China plans to dump Iran for Saudi for oil?

Chinese President Xi Jinping has clearly shown his preferences for Saudi Arabia over Iran when he signed a comprehensive agreement on strategic partnership and a harmonisation plan with his Saudi Arabia’s King Salman bin Abdulaziz Al Saud on his recent visit to the Islamic nation.

Iran’s foreign ministry summoned China’s ambassador to Tehran over joint statement and expressed the resentment.Iran’s National Security Committee has described it as “China’s interference in Iran’s internal affairs conflicts with good international cooperation.”In fact, there is a fear among the Irani leaders that China’s rapidly warming relations with Saudi Arabia would have an adverse impact on China-Iran relations. According to Iran experts, the development runs counter to Beijing’s long-standing pledge of neutrality. Under the banner of non-interference, China has never tried to play the role of a mediator between Iran and rivals in the Middle East. But the joint statements released during President Xi Jinping’s recent visit to Saudi Arabia have left policymakers in Tehran wondering if there is a change of direction in China’s policies toward the region, especially in the wake of a reduced US presence there.

The joint statement released last week after the meeting of China and the Gulf Cooperation Council (GCC) nations has referred to Iran as a supporter of regional terrorist groups and a proliferator of ballistic missiles and drones. It also noted the importance of addressing “the Iranian nuclear file and destabilizing regional activities.” The joint statement has made a reference to the long disputed three long-disputed islands in the Strait of Hormuz.

Iran is concerned about the slow pace in huge investments China promised when it had signed a 25-year cooperation agreement with Iran last year. The agreement was considered as a roadmap to potentially massive investments worth hundreds of billions of dollars.

A political advisor to Iranian President Ebrahim Raisi has reacted to China’s recent move to seek closer ties with Saudi Arabia, saying that it was Iran that stood up against plots by Saudi Arabia and the United States nearly a decade ago that intended to destabilize countries in the region. Mohammad Jamshidi wrote that while Saudi along with the US backed ISIS/Al-Qaeda in Syria and brutalized Yemen, Iran had fought terrorist groups to restore regional stability and to prevent the spread of insecurity toward both East and West. His comments clearly reminded China of Saudi Arabia’s credentials while pointing out that China should not ignore Iran for Saudi Arabia.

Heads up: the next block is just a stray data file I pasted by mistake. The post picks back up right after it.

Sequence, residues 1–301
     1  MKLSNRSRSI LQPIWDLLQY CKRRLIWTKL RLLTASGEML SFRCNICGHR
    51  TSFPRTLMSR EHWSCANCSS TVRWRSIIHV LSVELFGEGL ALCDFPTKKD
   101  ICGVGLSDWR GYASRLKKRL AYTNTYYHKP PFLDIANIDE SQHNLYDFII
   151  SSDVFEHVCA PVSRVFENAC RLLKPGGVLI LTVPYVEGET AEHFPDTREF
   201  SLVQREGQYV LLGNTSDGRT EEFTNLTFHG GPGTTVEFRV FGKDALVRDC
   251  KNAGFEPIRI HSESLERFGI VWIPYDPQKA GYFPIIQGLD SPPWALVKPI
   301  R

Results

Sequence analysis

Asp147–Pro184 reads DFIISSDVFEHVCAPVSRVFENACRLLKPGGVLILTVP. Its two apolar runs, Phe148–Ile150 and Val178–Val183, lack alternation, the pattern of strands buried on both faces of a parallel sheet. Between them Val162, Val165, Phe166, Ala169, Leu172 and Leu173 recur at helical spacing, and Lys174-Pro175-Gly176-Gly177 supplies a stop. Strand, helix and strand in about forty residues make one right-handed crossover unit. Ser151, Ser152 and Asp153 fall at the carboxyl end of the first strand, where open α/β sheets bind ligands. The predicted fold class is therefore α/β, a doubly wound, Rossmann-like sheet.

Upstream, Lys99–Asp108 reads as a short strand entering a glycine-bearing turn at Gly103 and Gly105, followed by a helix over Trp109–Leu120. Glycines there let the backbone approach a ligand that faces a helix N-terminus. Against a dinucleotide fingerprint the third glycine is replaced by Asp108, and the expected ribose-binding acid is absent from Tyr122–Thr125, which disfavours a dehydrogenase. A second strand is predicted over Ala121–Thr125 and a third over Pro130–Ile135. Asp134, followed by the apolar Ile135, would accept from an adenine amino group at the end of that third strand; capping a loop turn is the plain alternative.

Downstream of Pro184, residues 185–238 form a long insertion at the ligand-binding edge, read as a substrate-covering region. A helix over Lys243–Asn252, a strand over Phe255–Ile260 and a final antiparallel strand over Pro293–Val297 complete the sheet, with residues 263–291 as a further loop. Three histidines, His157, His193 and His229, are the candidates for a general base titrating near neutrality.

Other experts from Iran stated that the Chinese government wants to protect own interests any how. China’s biggest energy supplier is Saudi Arabia and Beijing is looking to establish a long-term relationship with Riyadh to ensure that its energy needs are met. Senior political analyst Sabah Zanganeh said that the Chinese government has its own interests in mind, including by ensuring that it has a stable provider of energy. China’s biggest energy supplier is Saudi Arabia and Beijing is looking to establish a long-term relationship with Riyadh to ensure that its energy needs are met. Zanganeh who has served as a lawmaker, a deputy culture minister, and Iran’s ambassador to the Organisation of Islamic Cooperation (OIC) explained stating that China addressed its energy needs, such as for oil and oil products, through purchases from Iran, but the energy (sources) that it is looking for in Iran are subject to many problems, the most important of which being the sanctions by America. According to him, Iran’s problem that it has limited itself to a handful of countries at the cost of others.On December 9, and at the end of a state visit by Chinese President Xi Jinping to Saudi Arabia, leaders of the Persian Gulf Cooperation Council (GCC) and Xi issued a statement that included three articles with hostile rhetoric against Iran.

Irani Media has come down heavily on China. Iranian newspapers hit out at China. Ham-Mihan headlined an article, “China’s Turnaround on Iran”. The daily Aftab was no less scathing about the Chinese. It published images of protesters in China, asking “Did the Chinese government hear the voice of the protesters?” Reformist Etemad on December 11 asked, “What is China’s plan for the Middle East?” Now the question is how China would handle Iran? Will it dump for Saudi or make false promise to Iran that it wants good diplomatic relations. Will it interfere in the conflict between Iran and Saudi Arabia over three islands?

Iran and Saudi Arabia have been at loggerheads over the ownership of the islands of Greater Tunb, Lesser Tunb and Abu Musa. The three islands are being governed by Iran since 1971 but claimed by the United Arab Emirates (UAE). In 1971 the then-shah of Iran had dispatched the Iranian royal navy to the three islands after the British withdrew their armed forces from territories that are today the UAE. Iran has ever since rejected statements from Emirati leaders that the islands belong to the UAE. Iran has always claimed that the islands were “inseparable parts of Iran’s pure soil”. People of the islands are all Persian-speaking Arabs who use the Bandari dialect of Persian, which is infused with Arabic words and syntax.


China, Iran, Oil, Saudi Arabia